Political Identity and Tragic Compromise
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- Introduction: Why We Need a Theory of Federalism
- Chapter 1. What is Federalism?
- Chapter 2. Why Federalism? The Tragic Aspect of Politics
- Chapter 3. Federalism in Political Science
- Chapter 4. Federalism in America
- Chapter 5. The Judicial Doctrine of Federalism
- Selected Bibliography
- Name Index
- Subject Index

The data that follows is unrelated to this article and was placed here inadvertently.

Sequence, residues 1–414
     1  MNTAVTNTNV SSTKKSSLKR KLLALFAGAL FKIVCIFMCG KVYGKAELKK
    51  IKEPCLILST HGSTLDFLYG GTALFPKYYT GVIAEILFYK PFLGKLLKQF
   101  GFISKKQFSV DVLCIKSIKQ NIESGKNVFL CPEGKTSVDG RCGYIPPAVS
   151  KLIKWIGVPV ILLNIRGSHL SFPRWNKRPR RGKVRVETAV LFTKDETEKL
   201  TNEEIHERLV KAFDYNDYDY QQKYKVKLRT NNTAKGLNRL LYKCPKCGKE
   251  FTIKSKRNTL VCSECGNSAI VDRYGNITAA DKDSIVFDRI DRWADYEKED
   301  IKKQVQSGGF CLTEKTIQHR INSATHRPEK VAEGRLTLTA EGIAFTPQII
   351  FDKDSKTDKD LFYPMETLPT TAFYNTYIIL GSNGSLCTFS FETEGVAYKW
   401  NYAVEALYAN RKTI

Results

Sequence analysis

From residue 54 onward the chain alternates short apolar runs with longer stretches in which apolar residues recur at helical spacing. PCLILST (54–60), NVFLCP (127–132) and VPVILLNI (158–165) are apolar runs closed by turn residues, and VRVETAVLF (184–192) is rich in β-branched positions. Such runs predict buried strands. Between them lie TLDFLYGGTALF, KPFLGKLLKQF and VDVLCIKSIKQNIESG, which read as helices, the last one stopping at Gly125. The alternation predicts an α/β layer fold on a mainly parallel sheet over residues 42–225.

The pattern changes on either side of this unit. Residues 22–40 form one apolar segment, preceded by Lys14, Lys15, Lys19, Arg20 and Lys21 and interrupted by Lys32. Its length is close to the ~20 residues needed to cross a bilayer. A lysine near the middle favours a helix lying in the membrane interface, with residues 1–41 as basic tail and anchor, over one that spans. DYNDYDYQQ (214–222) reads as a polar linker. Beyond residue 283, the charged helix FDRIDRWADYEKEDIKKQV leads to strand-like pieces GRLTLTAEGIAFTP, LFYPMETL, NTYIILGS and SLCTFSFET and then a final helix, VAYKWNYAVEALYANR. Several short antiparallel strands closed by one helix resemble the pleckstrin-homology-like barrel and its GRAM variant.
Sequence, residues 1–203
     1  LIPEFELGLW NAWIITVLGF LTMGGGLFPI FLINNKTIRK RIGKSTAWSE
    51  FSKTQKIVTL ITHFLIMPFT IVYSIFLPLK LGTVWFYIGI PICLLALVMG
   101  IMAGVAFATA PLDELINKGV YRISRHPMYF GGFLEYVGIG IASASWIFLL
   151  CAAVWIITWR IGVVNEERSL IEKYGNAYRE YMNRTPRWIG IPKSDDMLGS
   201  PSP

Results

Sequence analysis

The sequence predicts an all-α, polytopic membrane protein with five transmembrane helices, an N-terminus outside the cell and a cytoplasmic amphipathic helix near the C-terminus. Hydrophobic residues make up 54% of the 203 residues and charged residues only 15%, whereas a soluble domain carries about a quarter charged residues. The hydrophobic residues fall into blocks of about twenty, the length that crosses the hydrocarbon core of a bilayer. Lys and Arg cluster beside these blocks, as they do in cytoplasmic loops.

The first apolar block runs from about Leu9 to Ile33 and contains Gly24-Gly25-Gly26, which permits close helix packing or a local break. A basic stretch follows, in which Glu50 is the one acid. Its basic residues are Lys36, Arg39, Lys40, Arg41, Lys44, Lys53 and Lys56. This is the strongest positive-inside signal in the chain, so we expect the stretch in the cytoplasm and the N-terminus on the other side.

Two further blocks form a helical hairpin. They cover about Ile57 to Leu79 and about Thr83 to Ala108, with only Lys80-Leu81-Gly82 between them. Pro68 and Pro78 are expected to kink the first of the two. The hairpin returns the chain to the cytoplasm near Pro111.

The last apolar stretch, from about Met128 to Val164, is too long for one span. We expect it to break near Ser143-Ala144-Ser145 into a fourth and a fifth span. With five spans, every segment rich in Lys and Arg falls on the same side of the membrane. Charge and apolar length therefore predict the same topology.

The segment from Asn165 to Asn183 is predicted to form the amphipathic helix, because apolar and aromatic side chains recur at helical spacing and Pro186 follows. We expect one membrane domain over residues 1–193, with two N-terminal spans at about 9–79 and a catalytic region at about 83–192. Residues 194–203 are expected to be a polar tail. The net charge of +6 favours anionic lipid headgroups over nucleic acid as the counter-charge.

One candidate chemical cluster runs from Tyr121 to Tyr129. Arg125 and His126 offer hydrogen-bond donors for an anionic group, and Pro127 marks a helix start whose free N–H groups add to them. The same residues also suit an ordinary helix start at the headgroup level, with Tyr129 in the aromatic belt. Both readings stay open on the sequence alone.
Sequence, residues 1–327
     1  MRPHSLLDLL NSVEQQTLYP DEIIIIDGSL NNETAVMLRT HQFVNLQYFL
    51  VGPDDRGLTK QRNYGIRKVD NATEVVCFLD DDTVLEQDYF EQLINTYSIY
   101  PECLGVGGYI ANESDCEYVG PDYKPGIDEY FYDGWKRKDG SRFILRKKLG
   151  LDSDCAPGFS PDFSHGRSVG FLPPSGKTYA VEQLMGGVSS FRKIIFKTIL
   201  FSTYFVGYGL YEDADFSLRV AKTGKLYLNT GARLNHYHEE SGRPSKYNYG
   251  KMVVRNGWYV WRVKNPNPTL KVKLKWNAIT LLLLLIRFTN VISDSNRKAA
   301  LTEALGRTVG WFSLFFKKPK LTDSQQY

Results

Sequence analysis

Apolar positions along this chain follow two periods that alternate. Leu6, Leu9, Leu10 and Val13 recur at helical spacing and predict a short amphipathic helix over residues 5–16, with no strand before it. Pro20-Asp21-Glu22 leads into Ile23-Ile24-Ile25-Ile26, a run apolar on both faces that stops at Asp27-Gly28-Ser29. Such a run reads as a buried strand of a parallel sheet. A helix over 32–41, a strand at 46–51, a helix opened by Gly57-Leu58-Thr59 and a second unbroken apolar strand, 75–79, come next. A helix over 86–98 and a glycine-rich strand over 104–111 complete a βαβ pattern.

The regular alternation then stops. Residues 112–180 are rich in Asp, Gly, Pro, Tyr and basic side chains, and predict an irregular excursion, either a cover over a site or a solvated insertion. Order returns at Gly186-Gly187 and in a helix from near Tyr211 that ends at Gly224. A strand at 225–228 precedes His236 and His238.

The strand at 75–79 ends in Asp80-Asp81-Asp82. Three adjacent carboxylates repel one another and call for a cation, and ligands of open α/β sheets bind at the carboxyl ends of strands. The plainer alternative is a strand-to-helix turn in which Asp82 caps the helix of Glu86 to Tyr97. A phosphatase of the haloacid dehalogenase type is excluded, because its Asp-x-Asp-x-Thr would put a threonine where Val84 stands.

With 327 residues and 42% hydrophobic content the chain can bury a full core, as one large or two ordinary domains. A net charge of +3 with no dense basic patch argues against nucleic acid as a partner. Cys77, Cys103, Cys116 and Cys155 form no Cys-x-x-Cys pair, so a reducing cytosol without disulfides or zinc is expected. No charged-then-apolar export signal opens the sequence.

"This is a brilliant book that all who consider are interested in the Constitution---judges, lawyers, and professors---must read." ---Erwin Chemerinsky, Dean of Donald Bren School of Law, University of California at Irvine "Professors Feeley and Rubin clearly define what is and is not federal system. This book should be required for serious students of comparative government and American government." ---G. Ross Stephens, Professor Emeritus of Political Science, University of Missouri, Kansas City "At last, an insightful examination of federalism stripped of its romance. An absolutely splendid book, rigorous but still accessible." ---Larry Yackle, Professor of Law, Boston University "A thought-provoking book on the nature of national- state relations in the United States federal system." ---Joseph F. Zimmerman, Professor of Political Science, Rockefeller College, University at Albany Federalism refers to a system in which a centralized national government shares power with member states. Beyond this most basic definition, however, scholars debate the applications and implications of the term. Joining the concept of identity from political science with legal principle, Malcolm M. Feeley and Edward Rubin propose a theory of federalism and test the relevance of federalism for the United States today. Essentially, federalism represents a compromise among groups who refuse to yield autonomy yet acknowledge the benefits of forming a nation. As in the African and Asian nations forged from former colonies, federalism allows the member states---often dominated by ethnic minorities---to remain largely self-governing. In this way, a young nation can avoid secession and civil war while the people within its borders gradually abandon their local identities and come to view themselves as citizens of the nation. The United States, Feeley and Rubin remind us, faced a similar situation in the eighteenth century as thirteen regionally distinct, ethnically diverse, and highly independent British colonies came together to found a nation. Despite the Civil War and the upheaval of the Civil Rights Movement, the federalist strategy ultimately succeeded. For the United States in the early twenty-first century, thanks to the rise of a strong national identity and a ubiquitous bureaucracy, federalism has become obsolete. This bold argument is certain to provoke controversy. Malcolm M. Feeley is Claire Sanders Clements Dean's Chair Professor of Law at the University of California, Berkeley. Edward Rubin is Dean of the Vanderbilt University Law School and the school's first John Wade-Kent Syverud Professor of Law.